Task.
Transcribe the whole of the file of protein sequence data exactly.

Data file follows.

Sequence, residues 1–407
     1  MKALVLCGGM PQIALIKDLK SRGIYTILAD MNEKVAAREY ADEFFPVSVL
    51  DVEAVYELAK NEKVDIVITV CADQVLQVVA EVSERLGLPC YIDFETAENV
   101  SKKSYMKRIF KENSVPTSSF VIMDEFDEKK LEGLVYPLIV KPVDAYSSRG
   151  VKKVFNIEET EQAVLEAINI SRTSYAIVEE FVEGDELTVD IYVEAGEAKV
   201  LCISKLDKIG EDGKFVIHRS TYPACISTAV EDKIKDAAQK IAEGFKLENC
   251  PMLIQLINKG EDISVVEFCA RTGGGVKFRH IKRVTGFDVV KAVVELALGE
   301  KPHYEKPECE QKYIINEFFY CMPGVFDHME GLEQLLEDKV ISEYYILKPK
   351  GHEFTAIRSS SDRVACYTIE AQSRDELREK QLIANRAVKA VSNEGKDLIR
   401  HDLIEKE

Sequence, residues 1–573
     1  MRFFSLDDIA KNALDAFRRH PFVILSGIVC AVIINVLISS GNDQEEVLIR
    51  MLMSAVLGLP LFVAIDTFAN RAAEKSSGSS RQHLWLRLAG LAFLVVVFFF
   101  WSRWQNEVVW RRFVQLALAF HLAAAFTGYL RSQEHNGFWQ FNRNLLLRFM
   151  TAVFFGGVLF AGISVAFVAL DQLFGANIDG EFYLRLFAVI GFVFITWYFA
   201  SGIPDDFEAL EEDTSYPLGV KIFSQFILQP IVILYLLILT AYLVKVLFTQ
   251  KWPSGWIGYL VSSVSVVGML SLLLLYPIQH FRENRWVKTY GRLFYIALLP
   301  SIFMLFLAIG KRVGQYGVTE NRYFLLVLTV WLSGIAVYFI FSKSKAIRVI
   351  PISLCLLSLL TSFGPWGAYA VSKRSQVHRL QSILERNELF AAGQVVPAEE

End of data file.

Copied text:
Sequence, residues 1–407
     1  MKALVLCGGM PQIALIKDLK SRGIYTILAD MNEKVAAREY ADEFFPVSVL
    51  DVEAVYELAK NEKVDIVITV CADQVLQVVA EVSERLGLPC YIDFETAENV
   101  SKKSYMKRIF KENSVPTSSF VIMDEFDEKK LEGLVYPLIV KPVDAYSSRG
   151  VKKVFNIEET EQAVLEAINI SRTSYAIVEE FVEGDELTVD IYVEAGEAKV
   201  LCISKLDKIG EDGKFVIHRS TYPACISTAV EDKIKDAAQK IAEGFKLENC
   251  PMLIQLINKG EDISVVEFCA RTGGGVKFRH IKRVTGFDVV KAVVELALGE
   301  KPHYEKPECE QKYIINEFFY CMPGVFDHME GLEQLLEDKV ISEYYILKPK
   351  GHEFTAIRSS SDRVACYTIE AQSRDELREK QLIANRAVKA VSNEGKDLIR
   401  HDLIEKE

Sequence, residues 1–573
     1  MRFFSLDDIA KNALDAFRRH PFVILSGIVC AVIINVLISS GNDQEEVLIR
    51  MLMSAVLGLP LFVAIDTFAN RAAEKSSGSS RQHLWLRLAG LAFLVVVFFF
   101  WSRWQNEVVW RRFVQLALAF HLAAAFTGYL RSQEHNGFWQ FNRNLLLRFM
   151  TAVFFGGVLF AGISVAFVAL DQLFGANIDG EFYLRLFAVI GFVFITWYFA
   201  SGIPDDFEAL EEDTSYPLGV KIFSQFILQP IVILYLLILT AYLVKVLFTQ
   251  KWPSGWIGYL VSSVSVVGML SLLLLYPIQH FRENRWVKTY GRLFYIALLP
   301  SIFMLFLAIG KRVGQYGVTE NRYFLLVLTV WLSGIAVYFI FSKSKAIRVI
   351  PISLCLLSLL TSFGPWGAYA VSKRSQVHRL QSILERNELF AAGQVVPAEE